Nokia today announced a new ‘car mode’ app for its upcoming Symbian Belle smartphones that use MirrorLink standard to connect to in-car entertainment systems and provide a better driving experience. “Car Mode features an optimized user interface simplifying the access and use of Nokia Drive (voice-guided car navigation with Nokia Maps), traffic updates, music and voice calls while driving. Built with Qt, will be available for download from Nokia’s Ovi Store in Q4 2011 for Nokia smartphones based on Symbian Belle – such as the recently launched Nokia 600, Nokia 700 and Nokia 701 – as well as the Nokia N9. Read on for the official press release. Also Read - Nokia Taisun mystery device spotted on FIH servers, could be a midrange offering
Nokia Car Mode drives fusion of cars with smartphone services
Increased industry momentum for MirrorLink within Car Connectivity Consortium
Frankfurt, Germany – Today at the IAA (Internationale Automobil Ausstellung), Nokia announced Nokia Car Mode, a standalone application optimized for the in-car use of Nokia smartphones. Nokia Car Mode features an optimized user interface simplifying the access and use of Nokia Drive (voice-guided car navigation with Nokia Maps), traffic updates, music and voice calls while driving. Nokia Car Mode, built with Qt, will be available for download from Nokia’s Ovi Store in Q4 2011 for Nokia smartphones based on Symbian Belle – such as the recently launched Nokia 600, Nokia 700 and Nokia 701 – as well as the Nokia N9.
Nokia Car Mode is the first commercially available solution supporting MirrorLink, formerly known as Terminal Mode. MirrorLink is a standard smartphone-to-car connectivity platform driven by over 20 major global brands from across different industries within the Car Connectivity Consortium (CCC). With MirrorLink, smartphones can be connected to in-car displays, car controls systems, and car audio systems. Thus consumers can control their smartphones via the car dashboard, as if the device and its apps were integrated into the car itself.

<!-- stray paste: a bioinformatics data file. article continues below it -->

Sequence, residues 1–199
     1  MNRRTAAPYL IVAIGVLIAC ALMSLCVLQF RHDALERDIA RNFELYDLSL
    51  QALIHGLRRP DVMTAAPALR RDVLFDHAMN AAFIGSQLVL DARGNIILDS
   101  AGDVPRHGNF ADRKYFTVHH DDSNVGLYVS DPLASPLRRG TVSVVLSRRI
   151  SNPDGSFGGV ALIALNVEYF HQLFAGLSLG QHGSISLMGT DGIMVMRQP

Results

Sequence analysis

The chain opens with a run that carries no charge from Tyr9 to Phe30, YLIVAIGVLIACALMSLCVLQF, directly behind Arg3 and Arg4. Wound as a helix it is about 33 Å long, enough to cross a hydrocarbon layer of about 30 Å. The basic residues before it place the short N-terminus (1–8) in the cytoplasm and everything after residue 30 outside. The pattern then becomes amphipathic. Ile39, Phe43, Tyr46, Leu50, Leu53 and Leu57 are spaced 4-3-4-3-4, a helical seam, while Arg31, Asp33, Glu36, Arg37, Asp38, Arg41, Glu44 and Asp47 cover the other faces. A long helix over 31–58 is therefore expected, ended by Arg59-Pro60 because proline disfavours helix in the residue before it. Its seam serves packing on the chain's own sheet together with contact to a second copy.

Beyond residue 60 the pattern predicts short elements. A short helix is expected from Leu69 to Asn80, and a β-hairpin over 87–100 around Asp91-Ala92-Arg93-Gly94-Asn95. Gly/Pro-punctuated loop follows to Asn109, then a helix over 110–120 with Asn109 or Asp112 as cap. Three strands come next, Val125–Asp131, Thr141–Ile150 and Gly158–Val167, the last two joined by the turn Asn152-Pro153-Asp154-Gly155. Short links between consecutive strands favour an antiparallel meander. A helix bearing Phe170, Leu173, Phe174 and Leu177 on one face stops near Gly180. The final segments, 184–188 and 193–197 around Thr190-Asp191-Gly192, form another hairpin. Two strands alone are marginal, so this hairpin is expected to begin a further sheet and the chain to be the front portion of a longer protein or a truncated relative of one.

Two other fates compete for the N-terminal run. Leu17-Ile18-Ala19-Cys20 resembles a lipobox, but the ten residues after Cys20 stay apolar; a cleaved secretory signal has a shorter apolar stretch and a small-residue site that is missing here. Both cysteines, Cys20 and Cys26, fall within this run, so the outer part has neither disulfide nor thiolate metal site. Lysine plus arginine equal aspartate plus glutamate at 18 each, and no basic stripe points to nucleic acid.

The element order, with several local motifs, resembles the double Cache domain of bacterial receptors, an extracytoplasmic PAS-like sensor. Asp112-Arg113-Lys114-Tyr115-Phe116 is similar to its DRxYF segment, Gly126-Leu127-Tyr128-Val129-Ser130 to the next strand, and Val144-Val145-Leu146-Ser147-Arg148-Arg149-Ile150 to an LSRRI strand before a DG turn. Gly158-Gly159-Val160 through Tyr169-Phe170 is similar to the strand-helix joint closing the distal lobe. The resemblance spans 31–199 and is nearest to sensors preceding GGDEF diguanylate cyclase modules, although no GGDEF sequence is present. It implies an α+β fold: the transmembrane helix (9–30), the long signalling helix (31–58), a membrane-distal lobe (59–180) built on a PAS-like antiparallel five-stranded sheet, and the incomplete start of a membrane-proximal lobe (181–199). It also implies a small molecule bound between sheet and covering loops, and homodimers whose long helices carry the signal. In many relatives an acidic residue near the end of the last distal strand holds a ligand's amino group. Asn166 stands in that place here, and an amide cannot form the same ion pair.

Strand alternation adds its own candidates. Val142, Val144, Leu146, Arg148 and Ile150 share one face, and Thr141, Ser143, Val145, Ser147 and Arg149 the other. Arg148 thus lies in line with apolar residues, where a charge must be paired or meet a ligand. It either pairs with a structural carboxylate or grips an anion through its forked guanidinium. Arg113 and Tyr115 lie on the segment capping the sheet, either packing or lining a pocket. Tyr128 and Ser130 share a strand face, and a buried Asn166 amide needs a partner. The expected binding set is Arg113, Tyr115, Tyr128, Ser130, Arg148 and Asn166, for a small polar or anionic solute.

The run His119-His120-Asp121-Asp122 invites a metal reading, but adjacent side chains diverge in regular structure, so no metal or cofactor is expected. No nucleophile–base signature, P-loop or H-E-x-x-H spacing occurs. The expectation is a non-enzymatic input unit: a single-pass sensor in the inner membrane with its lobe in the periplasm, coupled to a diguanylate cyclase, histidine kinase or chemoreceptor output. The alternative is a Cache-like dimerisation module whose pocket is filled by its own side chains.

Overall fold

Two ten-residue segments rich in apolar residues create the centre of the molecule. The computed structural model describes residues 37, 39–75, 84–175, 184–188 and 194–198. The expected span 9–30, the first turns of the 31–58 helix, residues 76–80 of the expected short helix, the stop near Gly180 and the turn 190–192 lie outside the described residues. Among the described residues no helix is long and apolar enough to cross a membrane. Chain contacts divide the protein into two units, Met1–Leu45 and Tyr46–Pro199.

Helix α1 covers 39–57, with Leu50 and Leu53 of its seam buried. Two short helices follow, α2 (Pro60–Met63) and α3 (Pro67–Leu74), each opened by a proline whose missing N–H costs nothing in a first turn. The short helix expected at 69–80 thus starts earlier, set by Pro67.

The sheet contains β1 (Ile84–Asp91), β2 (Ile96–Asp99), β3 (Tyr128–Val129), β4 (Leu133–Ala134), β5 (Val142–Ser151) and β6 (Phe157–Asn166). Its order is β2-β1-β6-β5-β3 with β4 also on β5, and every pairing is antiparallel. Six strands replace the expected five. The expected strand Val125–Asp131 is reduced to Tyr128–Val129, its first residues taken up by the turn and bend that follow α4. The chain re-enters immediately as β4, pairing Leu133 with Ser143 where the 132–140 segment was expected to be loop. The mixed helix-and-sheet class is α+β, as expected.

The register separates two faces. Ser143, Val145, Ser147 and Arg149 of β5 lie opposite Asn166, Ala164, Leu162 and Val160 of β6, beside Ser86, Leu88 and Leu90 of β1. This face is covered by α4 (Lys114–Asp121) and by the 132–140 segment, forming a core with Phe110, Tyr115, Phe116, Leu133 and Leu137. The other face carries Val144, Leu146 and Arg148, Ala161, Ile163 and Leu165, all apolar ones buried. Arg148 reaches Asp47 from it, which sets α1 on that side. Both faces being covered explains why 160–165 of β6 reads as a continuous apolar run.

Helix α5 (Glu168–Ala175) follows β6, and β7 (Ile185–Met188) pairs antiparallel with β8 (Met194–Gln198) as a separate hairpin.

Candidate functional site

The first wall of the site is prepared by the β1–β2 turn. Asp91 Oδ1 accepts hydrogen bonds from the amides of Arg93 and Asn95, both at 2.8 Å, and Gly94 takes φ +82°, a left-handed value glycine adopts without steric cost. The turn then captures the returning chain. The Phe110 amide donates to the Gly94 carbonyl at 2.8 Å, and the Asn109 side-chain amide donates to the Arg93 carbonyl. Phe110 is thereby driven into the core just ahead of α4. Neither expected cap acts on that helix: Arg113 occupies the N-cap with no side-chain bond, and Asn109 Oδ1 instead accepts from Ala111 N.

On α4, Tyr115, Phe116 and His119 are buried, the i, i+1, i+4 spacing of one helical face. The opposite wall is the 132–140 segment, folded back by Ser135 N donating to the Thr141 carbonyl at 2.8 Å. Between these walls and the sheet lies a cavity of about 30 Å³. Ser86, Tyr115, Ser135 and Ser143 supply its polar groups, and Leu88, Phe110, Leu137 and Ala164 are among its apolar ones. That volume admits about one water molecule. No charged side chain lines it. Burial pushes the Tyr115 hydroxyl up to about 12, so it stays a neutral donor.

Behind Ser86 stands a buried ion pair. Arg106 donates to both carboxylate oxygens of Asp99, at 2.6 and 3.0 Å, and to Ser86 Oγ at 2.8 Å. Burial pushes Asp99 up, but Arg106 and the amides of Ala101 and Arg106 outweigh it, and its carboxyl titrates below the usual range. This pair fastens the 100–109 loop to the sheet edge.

MirrorLink is increasingly gaining industry momentum. Among the first commercially available products presented at IAA besides Nokia Car Mode is Alpine’s new ICS-X8, a dashboard-mounted unit that lets drivers of supported cars retrofit MirrorLink capabilities and Bluetooth hands-free phone. After connecting their Nokia smartphone with the Alpine ICS-X8, consumers are able to intuitively and safely use smartphone applications from the ICS-X8’s large 7-inch high-resolution display.
As a founding member of the Car Connectivity Consortium, Nokia is striving to introduce mobile innovation to the automotive industry. The integration of smartphones and their capabilities into cars is playing an important part in Nokia’s Location & Commerce business strategy, extending the existing ecosystem and thus providing benefits and opportunities for consumers, automotive companies, application developers and advertisers alike.
“MirrorLink and Nokia Car Mode are a big leap forward in allowing car drivers to access their favourite smartphone services,” said Floris van de Klashorst, Director Automotive Services of Nokia’s Location & Commerce business. “Via MirrorLink users have comfortable and safe access to maps, music and telephony on their phones when they’re in their cars even while driving. In the future, MirrorLink will enable plenty of other popular features since we’re only at the beginning of what we can do by linking smart devices with vehicles. We expect developers to come up with innovative new applications optimised for use in cars.”
“As a member of the Car Connectivity Consortium (CCC), we are very excited to introduce the world’s first in-car infotainment solution based on MirrorLink – the all new ICS-X8 App Link Station,” said Ingmar Heck, Manager of Sales and Marketing, Alpine Electronics Europe. “The ICS-X8 featuring MirrorLink allows users to create a digital ecosystem of mobile applications and the vehicle’s infotainment system. Users that own a compatible Nokia smartphone can connect it to the ICS-X8 and navigate using Nokia Drive, as well as enjoy all their music stored on the phone while driving using Nokia Music. Nokia Drive even connects to the car’s GPS receiver, allowing accurate navigation in areas of weak signal strength.”
“Safe and seamless access to web-apps via an integrated smartphone is critical in accelerating the evolution of the connected vehicle,” said Thilo Koslowski, VP and Automotive Practice Leader at Gartner. “A standardized smartphone-to-vehicle integration solution allows automotive companies to simplify their connected vehicle offerings and focus resources on extending consumers’ connected lifestyles to the vehicle.”
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